Payment by Results (PBR) could encourage downward accountability if verification included beneficiary feedback that was linked to payment.
One of the criticisms levelled at PBR is that it promotes upward accountability to donors rather than downward accountability to beneficiaries. Members of the Monitoring and Verification (MV) team for the WASH Results Programme recently discussed whether this reflects their experience and what role there is for beneficiary feedback in verification processes and in this post we summarise those discussions.
The MV team agreed that upward accountability is not necessarily any worse in PBR programmes than in other funding modalities. In fact, the feeling was that the scale of verification is likely to provide a more accurate picture of what is happening across programmes than the not necessarily representative glossy human interest pieces that often emerge from grant funded programmes. Indeed, if verification was designed to include beneficiary feedback and this was linked to payment, PBR could actually generate more downward accountability than other funding modalities.
However it is this link between beneficiary feedback and payment that is challenging. Data needs to be unambiguously verifiable which limits the kinds of areas that can be explored. If payment is only made against very specific (technology-focused) outcomes, then there is a fair chance that some, if not all, of the qualitative and governance issues will be missed or under-emphasized. But it is difficult to come up with effective “soft” indicators that can be linked to payments, as these tend to be more subjective, with less certain targets, that are more easily affected by the facilitation/enumeration of the survey/measuring process, and more variable by context. So far, in the WASH Results Programme, this has generally limited beneficiary feedback within verification to confirming that something happened when the supplier reported it (e.g. that a toilet was built in September 2014), not whether the beneficiary liked the toilet or even wanted it.
Opportunities to include beneficiary feedback in data collection
There is scope for using approaches such as satisfaction surveys or including questions about beneficiary satisfaction in household surveys, where results are triangulated with other methods. In addition, a lot of work is currently being undertaken on scorecard and feedback approaches in a wide range of sectors, including the WASH sector. The use of any of these approaches in a PBR context would require both donor and supplier to be very clear on what is being paid for (e.g. infrastructure development, service provision or behaviour change) and what the triggers are for payment or non-payment.
Including more qualitative approaches in verification, such as focus group discussions or individuals’ stories is also achievable. The challenge is ensuring they are representative of the programme as a whole, requiring them to be randomly sampled. This, of course, requires more resources.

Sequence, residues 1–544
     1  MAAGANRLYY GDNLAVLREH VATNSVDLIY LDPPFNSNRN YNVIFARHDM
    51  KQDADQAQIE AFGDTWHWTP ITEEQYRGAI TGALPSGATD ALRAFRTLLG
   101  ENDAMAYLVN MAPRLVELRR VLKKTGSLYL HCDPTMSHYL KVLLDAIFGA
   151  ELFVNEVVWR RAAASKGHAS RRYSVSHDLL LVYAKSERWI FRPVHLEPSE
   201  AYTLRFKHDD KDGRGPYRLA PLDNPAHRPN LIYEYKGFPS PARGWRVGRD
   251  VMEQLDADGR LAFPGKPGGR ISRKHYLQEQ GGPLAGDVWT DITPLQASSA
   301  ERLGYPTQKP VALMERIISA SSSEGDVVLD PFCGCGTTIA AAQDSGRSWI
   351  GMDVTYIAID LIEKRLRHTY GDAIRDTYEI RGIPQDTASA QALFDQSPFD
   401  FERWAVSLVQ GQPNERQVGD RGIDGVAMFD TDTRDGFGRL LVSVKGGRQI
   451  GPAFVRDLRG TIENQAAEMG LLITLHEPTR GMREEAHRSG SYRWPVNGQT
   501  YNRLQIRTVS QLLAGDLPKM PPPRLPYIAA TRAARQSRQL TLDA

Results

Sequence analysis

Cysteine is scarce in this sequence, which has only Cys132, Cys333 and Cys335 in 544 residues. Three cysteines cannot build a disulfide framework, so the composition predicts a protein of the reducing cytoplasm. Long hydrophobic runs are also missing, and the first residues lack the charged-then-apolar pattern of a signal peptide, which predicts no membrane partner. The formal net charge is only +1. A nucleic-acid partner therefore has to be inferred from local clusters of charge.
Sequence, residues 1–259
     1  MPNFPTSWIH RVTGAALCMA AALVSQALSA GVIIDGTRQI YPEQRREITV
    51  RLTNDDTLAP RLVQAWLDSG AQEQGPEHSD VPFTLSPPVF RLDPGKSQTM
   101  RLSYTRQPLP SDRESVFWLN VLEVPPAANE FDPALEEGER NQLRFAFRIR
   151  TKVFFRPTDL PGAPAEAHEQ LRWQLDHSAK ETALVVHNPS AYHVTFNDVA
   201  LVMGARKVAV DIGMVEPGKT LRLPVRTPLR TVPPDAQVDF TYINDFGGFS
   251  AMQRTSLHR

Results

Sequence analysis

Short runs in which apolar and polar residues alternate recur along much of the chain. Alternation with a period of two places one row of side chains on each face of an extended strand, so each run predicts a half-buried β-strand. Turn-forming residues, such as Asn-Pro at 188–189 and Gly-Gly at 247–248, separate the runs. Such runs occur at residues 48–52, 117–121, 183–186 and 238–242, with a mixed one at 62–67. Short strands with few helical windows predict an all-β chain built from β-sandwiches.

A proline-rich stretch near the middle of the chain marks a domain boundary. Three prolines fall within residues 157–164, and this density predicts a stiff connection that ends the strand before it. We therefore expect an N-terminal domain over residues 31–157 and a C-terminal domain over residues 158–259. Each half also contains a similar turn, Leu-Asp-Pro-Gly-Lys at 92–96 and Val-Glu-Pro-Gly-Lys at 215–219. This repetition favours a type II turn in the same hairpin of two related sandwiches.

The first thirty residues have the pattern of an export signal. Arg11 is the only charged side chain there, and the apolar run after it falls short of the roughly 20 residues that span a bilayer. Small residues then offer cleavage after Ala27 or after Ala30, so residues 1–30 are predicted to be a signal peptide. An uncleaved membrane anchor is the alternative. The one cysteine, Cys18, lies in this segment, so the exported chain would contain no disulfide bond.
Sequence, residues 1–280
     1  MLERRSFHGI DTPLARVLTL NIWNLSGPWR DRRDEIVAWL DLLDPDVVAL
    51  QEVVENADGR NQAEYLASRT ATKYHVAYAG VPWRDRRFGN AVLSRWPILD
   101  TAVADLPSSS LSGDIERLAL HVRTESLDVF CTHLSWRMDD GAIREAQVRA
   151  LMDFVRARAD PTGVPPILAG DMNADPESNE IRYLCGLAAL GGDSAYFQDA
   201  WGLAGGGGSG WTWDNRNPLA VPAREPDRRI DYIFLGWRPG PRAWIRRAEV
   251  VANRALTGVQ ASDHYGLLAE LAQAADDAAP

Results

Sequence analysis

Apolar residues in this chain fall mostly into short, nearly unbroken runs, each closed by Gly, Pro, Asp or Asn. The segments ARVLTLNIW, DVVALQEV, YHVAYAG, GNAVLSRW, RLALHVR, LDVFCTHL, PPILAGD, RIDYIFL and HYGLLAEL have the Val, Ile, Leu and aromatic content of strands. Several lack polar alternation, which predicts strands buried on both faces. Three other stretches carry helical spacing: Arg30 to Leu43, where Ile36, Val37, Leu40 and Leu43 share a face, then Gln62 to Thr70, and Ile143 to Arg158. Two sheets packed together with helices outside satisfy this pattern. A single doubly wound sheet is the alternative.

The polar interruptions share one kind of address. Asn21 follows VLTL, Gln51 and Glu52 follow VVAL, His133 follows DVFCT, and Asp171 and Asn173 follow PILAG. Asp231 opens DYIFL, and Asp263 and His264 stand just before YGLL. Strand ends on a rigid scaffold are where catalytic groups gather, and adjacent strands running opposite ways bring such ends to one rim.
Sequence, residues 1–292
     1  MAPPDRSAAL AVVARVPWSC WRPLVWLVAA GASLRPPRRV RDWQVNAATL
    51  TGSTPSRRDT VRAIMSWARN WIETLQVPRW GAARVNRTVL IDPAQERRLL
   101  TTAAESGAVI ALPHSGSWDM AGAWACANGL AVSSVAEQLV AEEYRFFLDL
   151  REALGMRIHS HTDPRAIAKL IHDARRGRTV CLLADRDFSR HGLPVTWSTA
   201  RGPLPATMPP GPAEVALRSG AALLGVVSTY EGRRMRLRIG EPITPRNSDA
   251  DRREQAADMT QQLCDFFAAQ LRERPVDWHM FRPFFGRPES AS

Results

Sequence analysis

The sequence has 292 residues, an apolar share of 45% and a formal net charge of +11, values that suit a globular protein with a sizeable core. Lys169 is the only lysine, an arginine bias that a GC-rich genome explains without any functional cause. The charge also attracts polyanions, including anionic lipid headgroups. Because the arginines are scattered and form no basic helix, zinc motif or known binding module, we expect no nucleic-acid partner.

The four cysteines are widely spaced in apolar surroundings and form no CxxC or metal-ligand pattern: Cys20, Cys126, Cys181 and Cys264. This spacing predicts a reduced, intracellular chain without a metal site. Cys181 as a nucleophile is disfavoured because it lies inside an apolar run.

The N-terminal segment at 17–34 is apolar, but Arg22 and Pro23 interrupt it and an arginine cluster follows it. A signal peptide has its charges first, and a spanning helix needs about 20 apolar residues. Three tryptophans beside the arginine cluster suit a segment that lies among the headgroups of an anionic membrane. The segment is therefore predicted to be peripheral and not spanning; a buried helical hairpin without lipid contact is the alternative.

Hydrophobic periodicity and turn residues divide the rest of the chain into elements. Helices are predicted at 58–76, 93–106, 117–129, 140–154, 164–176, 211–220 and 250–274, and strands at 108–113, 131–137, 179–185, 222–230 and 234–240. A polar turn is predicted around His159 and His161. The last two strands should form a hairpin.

Managing the resource implications of beneficiary feedback
The question of resourcing is key – it is possible to verify almost anything with unlimited resources, but in the real world, different priorities need to be weighed up against each other. In practice, the demands of verification for large scale, representative, quantitative information on which to base payment decisions may leave less time, money and inclination to undertake more qualitative work with beneficiaries.
A resource effective approach to upholding downwards accountability through verification would be to include payment for the existence and effective functioning of a beneficiary feedback system (rather than the results of that system). Payment would be made on verification of the effectiveness of the system in promoting downwards accountability.
This would only work in a systems-based approach to verification such as that used in the WASH Results Programme where verification is based on data generated by suppliers with the MV team assessing the strength of the systems that generate that data through ‘systems appraisals’. In this scenario, assessment of any beneficiary feedback system would be an extension of the systems appraisal currently undertaken by the MV team; payments could be linked to the results of that appraisal, which is not currently the case.
Finally, it is worth highlighting that the results based reporting requirements, on which the PBR system relies, generate reports that are different from the more qualitative and narrative reports associated with other forms of aid modalities, such as grants. If donors require human interest stories to communicate a programme’s results to the public, they will need to include this requirement within suppliers’ contracts and Terms of Reference.
In conclusion, our experience suggest that the PBR approach does not inherently promote upward accountability at the expense of downward accountability; it depends on how the contract is designed. We believe that including a requirement for beneficiary feedback as part of verification of results could help to promote downward accountability. We encourage donors to consider this when designing and negotiating PBR programmes.
* This blog post is based on a summary by Catherine Fisher of an online discussion held in June 2016 among members of the Monitoring and Verification team for the WASH Results Programme (Andy Robinson, Joe Gomme, Rachel Norman, Alison Barrett, Amy Weaving, Jennifer Williams and Don Brown).